Frank Field’s letter regarding the DWP’s non-existent/existent data: a Schrödinger kind of paradox

cat schro

The data is only real when someone looks for it

Following on from the article yesterday, (DWP spent £100m on disability benefit appeals over 2 year period), I have copied Frank Field’s letter to Esther McVey below, which highlights the discrepancy between what McVey informed the Work and Pensions Committee when they asked her to provide evidence regarding the costs of disability benefit appeals and mandatory reconsiderations in an inquiry into disability benefits, and the details provided, following a timely Freedom of Information request. 

Key facts

  • Department for Work and Pensions (DWP) spent £108.1 million on Personal Independent Payment (PIP) and Employment and Support Allowance (ESA) reviews and appeals since October 2015
  • Ministry of Justice (MoJ) spent £103.1 million on social security and child support tribunals in 2016/17
  • Around two-thirds of PIP and ESA tribunals have been won by claimants this year
  • More than 300,000 PIP and ESA decisions have been changed at review or appeal since October 2015

Figures obtained by the Press Association through a Freedom of Information (FoI) request show that the Department for Work and Pensions (DWP) has spent £108.1 million on direct staffing costs for ESA and PIP appeals since October 2015.  The cost covers mandatory reconsiderations, an internal DWP review, and appeals to tribunals run by HM Courts and Tribunals Service. 

This staggering amount of money is being spent on the administrative costs of a Department fighting to uphold the outcomes of its own incompetent and deeply flawed decision-making. This is unacceptably leaving thousands of ill and disabled people having to fight to receive lifeline support to which, as the high proportion of successful appeal outcomes informs us, they are legally entitled. Furthermore, when provided with a second chance to remedy incompetent decision-making at mandatory review, the Department has persistently continued to uphold the original flawed decision in many cases. 

Since October 2015, 87,500 PIP claimants had their decision changed at mandatory review, while a further 91,587 claimants went on to win their appeals at tribunal. In the first six months of 2017/18 some 66% of 42,741 PIP appeals went in the claimant’s favour, highlighting that both the original decision-making process and mandatory review are failing to effectively ensure eligibility for support is fairly and accurately assessed.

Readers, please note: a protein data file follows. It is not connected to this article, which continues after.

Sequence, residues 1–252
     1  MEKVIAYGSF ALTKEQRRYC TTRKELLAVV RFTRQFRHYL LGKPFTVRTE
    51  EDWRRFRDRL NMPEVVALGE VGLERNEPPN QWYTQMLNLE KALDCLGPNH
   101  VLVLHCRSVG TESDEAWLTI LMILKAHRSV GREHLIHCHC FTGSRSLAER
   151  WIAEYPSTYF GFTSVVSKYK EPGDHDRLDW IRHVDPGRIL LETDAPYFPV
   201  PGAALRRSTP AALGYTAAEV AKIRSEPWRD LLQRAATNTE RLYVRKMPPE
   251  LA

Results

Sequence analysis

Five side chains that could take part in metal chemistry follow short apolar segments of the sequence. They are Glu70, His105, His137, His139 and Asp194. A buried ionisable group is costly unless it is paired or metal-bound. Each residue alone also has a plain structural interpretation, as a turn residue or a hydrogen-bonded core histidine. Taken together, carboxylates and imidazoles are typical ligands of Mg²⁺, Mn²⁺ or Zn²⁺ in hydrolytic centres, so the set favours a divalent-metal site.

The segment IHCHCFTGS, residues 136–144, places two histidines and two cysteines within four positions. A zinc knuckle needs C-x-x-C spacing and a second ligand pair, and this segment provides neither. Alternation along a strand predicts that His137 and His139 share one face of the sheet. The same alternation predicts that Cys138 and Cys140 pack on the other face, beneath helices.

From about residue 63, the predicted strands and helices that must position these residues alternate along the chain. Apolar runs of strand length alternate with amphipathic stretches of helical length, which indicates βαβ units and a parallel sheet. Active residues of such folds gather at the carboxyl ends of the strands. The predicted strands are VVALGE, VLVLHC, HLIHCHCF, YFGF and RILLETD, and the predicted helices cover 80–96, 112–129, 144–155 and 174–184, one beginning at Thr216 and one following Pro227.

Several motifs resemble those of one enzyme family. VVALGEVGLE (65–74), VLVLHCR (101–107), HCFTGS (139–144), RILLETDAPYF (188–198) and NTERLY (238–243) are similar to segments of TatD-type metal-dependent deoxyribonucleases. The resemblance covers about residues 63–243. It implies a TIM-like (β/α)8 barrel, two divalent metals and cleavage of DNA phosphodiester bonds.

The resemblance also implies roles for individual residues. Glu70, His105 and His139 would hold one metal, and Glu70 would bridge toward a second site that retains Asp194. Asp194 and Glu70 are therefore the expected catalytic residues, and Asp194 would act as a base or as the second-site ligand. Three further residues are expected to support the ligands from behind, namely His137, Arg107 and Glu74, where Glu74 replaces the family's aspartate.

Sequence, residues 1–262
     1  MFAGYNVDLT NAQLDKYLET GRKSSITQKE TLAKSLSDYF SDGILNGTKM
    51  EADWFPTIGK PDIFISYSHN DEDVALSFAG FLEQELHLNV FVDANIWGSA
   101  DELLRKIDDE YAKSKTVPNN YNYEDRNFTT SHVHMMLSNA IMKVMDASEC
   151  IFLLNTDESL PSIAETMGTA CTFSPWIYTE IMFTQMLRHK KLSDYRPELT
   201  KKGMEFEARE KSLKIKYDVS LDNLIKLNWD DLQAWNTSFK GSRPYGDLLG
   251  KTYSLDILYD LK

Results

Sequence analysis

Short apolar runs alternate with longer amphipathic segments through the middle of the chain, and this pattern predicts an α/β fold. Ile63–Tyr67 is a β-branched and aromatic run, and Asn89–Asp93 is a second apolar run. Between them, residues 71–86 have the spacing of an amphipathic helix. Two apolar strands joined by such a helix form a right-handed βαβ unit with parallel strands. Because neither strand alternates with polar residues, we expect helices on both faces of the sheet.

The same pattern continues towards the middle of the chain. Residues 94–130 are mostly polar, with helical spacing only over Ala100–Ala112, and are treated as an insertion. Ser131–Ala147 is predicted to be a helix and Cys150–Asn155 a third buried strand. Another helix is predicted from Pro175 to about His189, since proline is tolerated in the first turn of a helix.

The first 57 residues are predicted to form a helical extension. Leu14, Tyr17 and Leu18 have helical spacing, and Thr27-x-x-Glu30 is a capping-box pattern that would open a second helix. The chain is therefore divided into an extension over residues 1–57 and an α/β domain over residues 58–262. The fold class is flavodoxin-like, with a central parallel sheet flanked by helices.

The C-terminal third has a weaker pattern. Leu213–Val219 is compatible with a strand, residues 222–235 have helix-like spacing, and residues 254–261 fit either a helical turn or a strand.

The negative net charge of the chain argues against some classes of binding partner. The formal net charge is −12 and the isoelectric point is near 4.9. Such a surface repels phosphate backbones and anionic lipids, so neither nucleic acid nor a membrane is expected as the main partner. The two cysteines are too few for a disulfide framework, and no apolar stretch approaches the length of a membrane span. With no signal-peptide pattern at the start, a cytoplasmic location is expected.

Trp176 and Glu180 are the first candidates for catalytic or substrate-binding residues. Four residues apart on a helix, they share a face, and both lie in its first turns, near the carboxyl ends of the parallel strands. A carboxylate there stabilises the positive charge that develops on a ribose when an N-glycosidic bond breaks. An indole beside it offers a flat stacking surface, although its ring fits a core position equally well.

The figures for ESA since October 2015 show 47,000 people had decisions revised at mandatory reconsideration and 82,219 appeals went in the favour of those let down by the current system of assessment and DWP decsion-making.

It’s as if the system is weighted to refuse as many people as possible their lifeline support.

So far in 2017/18, 68% of 35,452 ESA appeals have gone in favour of the claimant.

Conservative peer Baroness Altmann, a former minister at the DWP, said the money could be spent on benefits for those who need them, rather than on the costs of fighting their claims.

“Disability benefits need an overhaul and, of course, we must not let people make bogus claims, but the extent of the appeals we are seeing clearly indicates that something is seriously wrong with the system,” she said.

Figures released to the select committee’s inquiry show further costs to taxpayers.

The Ministry of Justice says it spent £103.1 million on social security and child support tribunals in 2016/17, up from £92.6 million the year before and £87.4 million in 2014/15.

Around 190,000 cases were cleared with or without a hearing in 2016/17, the Ministry told the committee.

The select committee is due to publish the results of its inquiry into PIP and ESA on Wednesday.

Chair Frank Field has written to Esther McVey, the Work and Pensions Secretary, in the wake of the figures to question why MPs were not given such information.

DWP gave the committee the average costs of a mandatory reconsideration and appeal for PIP and ESA.